This current state picture will ground your group in a comprehensive understanding of the problem, help you refine your thinking, and give you ideas of the first upstream tributaries you might want to explore. Later, it will help you set goals for a future state you would like to create through your work together.  


How do you get upstream?  

“How many problems in our lives and in our society are we tolerating simply because we’ve forgotten that we can fix them.” – Dan Heath, Upstream 

Getting upstream requires curiosity and a lot of inquiry. Many of us have worked so long in our fields, we have stopped asking why the problem we are addressing exists at the current levels it does. Or we might feel that our job is to help those experiencing the problems, not to find the causes of them. Or we might feel like the systemic causes are so far out of our control that it isn’t worth the time to investigate.   Systems practice is for those that no longer want to accept the status quo and are ready, and able, to think beyond the confines of their current vantage point in the system.   

Many systems practice tools are designed to help us inquire into a problem through multiple perspectives. Many use stakeholder interviews or focus groups and begin by asking people your framing question. Then, you might turn some of the patterns and trends you uncovered into questions as well. Follow-on questions using the four framing questions above might look something like: 

  • Why is the cost of development so high?  
  • Why is there a shortage of qualified early childhood care professionals? 
  • Why is the average age of farmers increasing? 
  • Why are the suicide rates of teens increasing at such a high rate?  

To walk deeper upstream, keep asking “why” to the responses you hear. You may find yourself going deeper up one “tributary” and then backtracking to go deeper on another path. These root cause inquiry methods are used across many disciplines. Some examples are 5 Whys, or Fishbone Diagramming.   

A key to using these tools in systems practice is to interview a wide range of people including those with personal experience with the issue you are working to address and those with organizational and governmental experience from different parts of the system. Be open to hearing and documenting different perspectives on the issue, even disconfirming information. Frances Westley et al. in Getting to Maybe: How the World Has Changed reminds us that in this work “a certain mindset is crucial, framed by inquiry not certitude, one that embraces paradoxes and tolerates multiple perspectives.”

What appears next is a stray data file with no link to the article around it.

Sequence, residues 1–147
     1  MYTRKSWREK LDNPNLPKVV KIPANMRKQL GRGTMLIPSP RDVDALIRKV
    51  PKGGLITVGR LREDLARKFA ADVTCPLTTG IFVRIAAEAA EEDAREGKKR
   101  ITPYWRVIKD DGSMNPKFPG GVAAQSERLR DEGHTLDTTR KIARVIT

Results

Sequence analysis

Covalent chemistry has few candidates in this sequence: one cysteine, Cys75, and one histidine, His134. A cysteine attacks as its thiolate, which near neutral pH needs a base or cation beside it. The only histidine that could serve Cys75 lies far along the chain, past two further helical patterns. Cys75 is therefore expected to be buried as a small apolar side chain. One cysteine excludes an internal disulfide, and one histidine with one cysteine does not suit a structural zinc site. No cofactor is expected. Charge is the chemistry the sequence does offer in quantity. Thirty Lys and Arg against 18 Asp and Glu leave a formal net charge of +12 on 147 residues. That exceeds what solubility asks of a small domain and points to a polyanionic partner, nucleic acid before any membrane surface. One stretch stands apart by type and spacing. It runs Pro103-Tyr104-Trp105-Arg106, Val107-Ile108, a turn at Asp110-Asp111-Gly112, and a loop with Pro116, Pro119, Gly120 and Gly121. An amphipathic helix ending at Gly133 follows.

The goal is not to get the “right” or even complete picture or map, but to get something that helps to refine your collective understanding about what may be happening to create the problem and is useful as you try to address the issue.  


What do you look for?  

“Our brains are naturally drawn to linear cause and effect, and in a complex world, that’s often the wrong neighborhood.” – Jennifer Garvey & Keith Johnston, Simple Habits for Complex Times 

Through your inquiry process, it can be helpful to look for and probe for the system components that may be either enabling or inhibiting your problem. Things like the components outlined by FSG in the Water of Systems Change

  • Policies: Government and organizational rules and priorities 
  • Practices: The activities of organizations and networks working on the issue 
  • Resource Flows: How money, people, knowledge, information, and other assets and infrastructure are allocated and distributed 
  • Relationships & Connections: Quality of connections and communication occurring among actors in the system, especially among those with differing histories and viewpoints 
  • Power Dynamics: The distribution of decision-making power, authority, and both formal and informal influence among individuals and organizations 
  • Mental Models: Habits of thought—deeply held beliefs and assumptions and taken-for-granted ways of operating that influence how we think, what we do, and how we talk 

It is also imperative to look for the interconnections between factors. When one thing changes, does something else happen to other factors in the system? Many groups will try to diagram these relationships in either connection circles or causal loop diagrams. Systems Innovation (Si) has a collection of online canvases that are free to use to make diagrams like this that show how factors are interrelated.